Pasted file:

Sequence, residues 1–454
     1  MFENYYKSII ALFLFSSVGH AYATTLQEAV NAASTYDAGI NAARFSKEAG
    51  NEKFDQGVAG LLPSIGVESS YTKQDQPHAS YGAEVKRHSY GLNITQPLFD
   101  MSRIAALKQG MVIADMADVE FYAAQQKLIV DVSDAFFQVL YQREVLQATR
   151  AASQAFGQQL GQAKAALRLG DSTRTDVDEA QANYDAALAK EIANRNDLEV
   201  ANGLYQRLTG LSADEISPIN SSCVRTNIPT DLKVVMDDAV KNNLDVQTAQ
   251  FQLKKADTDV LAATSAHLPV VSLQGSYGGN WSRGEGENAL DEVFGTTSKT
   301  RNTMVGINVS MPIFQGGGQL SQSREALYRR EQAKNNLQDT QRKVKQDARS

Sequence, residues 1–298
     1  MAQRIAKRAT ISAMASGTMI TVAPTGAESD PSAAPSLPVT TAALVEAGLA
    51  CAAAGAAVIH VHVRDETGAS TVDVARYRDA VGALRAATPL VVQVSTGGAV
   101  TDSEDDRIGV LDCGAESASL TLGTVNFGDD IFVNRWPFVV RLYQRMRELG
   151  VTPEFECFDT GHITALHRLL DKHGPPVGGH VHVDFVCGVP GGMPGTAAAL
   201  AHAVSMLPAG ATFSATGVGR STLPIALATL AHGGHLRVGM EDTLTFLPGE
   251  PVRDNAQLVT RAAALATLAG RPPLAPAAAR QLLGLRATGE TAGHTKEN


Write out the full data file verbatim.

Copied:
Sequence, residues 1–454
     1  MFENYYKSII ALFLFSSVGH AYATTLQEAV NAASTYDAGI NAARFSKEAG
    51  NEKFDQGVAG LLPSIGVESS YTKQDQPHAS YGAEVKRHSY GLNITQPLFD
   101  MSRIAALKQG MVIADMADVE FYAAQQKLIV DVSDAFFQVL YQREVLQATR
   151  AASQAFGQQL GQAKAALRLG DSTRTDVDEA QANYDAALAK EIANRNDLEV
   201  ANGLYQRLTG LSADEISPIN SSCVRTNIPT DLKVVMDDAV KNNLDVQTAQ
   251  FQLKKADTDV LAATSAHLPV VSLQGSYGGN WSRGEGENAL DEVFGTTSKT
   301  RNTMVGINVS MPIFQGGGQL SQSREALYRR EQAKNNLQDT QRKVKQDARS

Sequence, residues 1–298
     1  MAQRIAKRAT ISAMASGTMI TVAPTGAESD PSAAPSLPVT TAALVEAGLA
    51  CAAAGAAVIH VHVRDETGAS TVDVARYRDA VGALRAATPL VVQVSTGGAV
   101  TDSEDDRIGV LDCGAESASL TLGTVNFGDD IFVNRWPFVV RLYQRMRELG
   151  VTPEFECFDT GHITALHRLL DKHGPPVGGH VHVDFVCGVP GGMPGTAAAL
   201  AHAVSMLPAG ATFSATGVGR STLPIALATL AHGGHLRVGM EDTLTFLPGE
   251  PVRDNAQLVT RAAALATLAG RPPLAPAAAR QLLGLRATGE TAGHTKEN